After you click the Stop button, you’ll see the Encoding
Results dialog box and can click Play Output File. When
you do, Windows Media Player, or whatever media player is set as the default, will
open your video tutorial and you watch it.

When you return to the Encoding Results dialog box, you can
either click Close to end the recording session or you can click New Session if
you want to start over the re-record your video tutorial. When you click New
Session, the wizard will appear again.

If you wish to record another video tutorial on a different
topic, you should begin by clicking the Properties button on the toolbar and
selecting the Output tab. Then, in the File Name text box type a new filename before
you click on Start Encoding. If you don’t provide a new filename, you’ll
overwrite your first recording.

Rolling out the video tutorial

Because the Windows Media Encoder save its files in the Windows
Media Video (WMV) format, your video tutorial is very easy to distribute as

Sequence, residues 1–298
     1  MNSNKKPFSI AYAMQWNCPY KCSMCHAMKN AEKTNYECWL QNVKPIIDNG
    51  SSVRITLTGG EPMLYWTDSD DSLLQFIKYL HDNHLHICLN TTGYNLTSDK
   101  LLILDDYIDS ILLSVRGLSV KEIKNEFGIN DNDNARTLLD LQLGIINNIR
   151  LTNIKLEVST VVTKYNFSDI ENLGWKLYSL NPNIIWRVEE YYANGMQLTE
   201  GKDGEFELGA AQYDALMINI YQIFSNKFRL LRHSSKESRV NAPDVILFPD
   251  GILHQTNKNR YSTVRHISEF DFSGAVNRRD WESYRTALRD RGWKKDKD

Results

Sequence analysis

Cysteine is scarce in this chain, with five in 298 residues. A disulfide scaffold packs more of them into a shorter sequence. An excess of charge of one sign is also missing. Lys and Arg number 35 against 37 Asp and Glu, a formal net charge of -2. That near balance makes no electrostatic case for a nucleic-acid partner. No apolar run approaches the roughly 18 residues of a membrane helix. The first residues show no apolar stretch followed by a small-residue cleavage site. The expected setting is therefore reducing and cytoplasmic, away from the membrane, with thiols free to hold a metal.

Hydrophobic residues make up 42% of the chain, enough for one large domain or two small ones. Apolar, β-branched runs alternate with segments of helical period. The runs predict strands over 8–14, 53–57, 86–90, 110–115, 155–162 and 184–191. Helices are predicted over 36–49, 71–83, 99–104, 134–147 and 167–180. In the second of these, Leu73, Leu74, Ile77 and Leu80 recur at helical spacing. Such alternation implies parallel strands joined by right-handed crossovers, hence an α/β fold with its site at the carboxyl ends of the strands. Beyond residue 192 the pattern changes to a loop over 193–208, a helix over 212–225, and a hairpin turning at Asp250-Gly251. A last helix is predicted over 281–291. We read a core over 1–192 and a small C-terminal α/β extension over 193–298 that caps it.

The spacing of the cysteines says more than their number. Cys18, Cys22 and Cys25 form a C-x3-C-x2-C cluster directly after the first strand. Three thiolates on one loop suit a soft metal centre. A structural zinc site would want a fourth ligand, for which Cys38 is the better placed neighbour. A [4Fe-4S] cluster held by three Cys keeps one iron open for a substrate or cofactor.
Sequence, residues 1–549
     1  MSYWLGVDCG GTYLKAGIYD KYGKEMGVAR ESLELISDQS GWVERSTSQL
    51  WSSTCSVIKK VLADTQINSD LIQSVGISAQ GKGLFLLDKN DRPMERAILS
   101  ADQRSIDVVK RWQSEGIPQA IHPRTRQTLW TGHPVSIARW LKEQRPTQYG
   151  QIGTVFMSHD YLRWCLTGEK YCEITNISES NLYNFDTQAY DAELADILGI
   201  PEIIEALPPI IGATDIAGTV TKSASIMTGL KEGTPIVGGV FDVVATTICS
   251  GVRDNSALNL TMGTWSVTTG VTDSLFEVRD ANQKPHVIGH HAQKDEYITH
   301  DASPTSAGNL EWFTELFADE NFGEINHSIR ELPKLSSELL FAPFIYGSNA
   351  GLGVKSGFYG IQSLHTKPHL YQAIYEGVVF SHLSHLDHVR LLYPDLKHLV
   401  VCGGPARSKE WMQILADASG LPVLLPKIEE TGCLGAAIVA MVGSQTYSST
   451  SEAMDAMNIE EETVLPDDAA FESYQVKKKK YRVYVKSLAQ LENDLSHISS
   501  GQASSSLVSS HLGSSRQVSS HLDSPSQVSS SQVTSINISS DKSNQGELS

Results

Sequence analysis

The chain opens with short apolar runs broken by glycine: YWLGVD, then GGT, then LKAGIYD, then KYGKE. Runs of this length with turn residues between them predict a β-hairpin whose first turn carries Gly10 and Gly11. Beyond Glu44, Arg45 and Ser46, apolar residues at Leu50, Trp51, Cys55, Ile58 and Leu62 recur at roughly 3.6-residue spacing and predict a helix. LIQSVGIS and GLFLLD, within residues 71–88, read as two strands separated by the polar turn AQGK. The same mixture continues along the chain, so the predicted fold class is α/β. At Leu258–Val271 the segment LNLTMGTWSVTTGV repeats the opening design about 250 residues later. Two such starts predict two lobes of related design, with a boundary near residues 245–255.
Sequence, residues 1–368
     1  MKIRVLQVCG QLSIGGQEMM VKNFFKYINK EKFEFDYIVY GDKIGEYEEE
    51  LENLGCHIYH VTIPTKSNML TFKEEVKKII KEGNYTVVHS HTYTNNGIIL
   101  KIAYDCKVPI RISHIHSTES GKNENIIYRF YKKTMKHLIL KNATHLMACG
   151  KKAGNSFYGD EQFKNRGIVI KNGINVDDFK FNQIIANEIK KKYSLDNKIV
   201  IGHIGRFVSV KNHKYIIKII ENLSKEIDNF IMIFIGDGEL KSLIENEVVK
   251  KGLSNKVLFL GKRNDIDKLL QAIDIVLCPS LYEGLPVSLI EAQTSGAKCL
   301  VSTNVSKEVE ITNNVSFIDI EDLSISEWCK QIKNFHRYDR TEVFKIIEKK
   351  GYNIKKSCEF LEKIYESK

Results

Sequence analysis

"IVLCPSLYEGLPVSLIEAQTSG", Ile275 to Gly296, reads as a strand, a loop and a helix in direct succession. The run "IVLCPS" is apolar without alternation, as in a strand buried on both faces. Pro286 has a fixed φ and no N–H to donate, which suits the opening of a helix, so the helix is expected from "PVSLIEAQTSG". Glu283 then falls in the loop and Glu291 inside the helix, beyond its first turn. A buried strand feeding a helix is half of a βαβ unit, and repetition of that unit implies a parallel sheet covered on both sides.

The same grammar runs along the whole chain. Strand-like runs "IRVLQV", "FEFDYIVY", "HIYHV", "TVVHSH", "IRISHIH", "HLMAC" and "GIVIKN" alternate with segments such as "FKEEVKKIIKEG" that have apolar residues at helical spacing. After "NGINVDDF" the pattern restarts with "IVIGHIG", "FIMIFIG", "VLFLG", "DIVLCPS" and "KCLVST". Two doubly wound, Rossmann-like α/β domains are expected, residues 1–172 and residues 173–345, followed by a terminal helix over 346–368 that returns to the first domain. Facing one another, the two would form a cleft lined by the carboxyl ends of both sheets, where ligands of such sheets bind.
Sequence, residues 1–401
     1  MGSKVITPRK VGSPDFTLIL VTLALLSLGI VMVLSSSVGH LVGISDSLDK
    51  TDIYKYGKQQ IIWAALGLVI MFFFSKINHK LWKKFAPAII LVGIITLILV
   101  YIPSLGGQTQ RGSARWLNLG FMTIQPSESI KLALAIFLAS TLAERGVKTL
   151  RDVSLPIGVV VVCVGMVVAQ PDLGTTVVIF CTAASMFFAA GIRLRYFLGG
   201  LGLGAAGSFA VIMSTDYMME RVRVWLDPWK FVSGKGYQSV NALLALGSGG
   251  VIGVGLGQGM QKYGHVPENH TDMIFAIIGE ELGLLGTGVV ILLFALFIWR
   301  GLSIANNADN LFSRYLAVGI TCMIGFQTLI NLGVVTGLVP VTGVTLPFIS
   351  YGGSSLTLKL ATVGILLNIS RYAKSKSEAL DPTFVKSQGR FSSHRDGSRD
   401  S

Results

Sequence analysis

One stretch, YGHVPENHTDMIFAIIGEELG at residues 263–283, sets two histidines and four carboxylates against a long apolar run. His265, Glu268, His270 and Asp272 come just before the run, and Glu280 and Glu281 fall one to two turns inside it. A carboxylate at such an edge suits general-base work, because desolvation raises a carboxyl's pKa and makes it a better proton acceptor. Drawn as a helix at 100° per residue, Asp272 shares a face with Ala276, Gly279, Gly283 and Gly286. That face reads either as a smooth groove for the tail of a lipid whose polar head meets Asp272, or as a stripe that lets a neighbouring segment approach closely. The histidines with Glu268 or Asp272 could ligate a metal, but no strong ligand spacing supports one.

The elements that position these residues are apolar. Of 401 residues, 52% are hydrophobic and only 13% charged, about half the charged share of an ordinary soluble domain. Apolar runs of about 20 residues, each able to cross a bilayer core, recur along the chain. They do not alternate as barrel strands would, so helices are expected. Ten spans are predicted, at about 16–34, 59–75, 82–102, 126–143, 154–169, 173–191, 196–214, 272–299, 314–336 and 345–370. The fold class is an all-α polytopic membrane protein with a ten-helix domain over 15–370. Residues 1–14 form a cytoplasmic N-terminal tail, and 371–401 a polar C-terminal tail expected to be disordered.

many media players in addition to Windows Media Player can play the WMV format.
As such you can attach the WMV file to an email message in which you instruct
recipients to save the attachment to the hard disk and simply double-click the
file to run the video tutorial.

Some tricks and tips

As you can see creating a video tutorial is a pretty
straightforward procedure. However, there are a few tips and tricks that will
save you time and frustration

Wallpaper

If your video tutorial will show the Windows desktop, you
need to keep in mind that using wallpaper on your desktop will appear distorted
and can be distracting to the viewer. As such, you’ll want to disable the
wallpaper.

Desktop themes

Fancy desktop themes will also appear distorted and be
distracting. As such, you’ll want to use the standard windows theme.

Color palette

Some video cards offer an astonishing number of colors for
the color palette. However, I’ve discovered that using some of the higher-level
color palettes caused both recording and playback problems. I found that 16 bit
or 32 bit color palettes work just fine.

Screen resolution

When you record a video with Windows Media Encoder it not
only records your actions, it also records the current screen resolution of the
computer. What this means is that if you record a video on a system that is
using a screen resolution of 800×600 and then play it back on a different
system that is using a screen resolution of 1024×768, the movie will play back
in a window that is 800×600 in size and will be very readable. However, I’ve
discovered that the reverse isn’t always true. That is if you record a video at
1024×768 and then play it back at 800×600 the video could be distorted. As
such, it a good idea to stick with a screen resolution of 800×600 when
recording a video.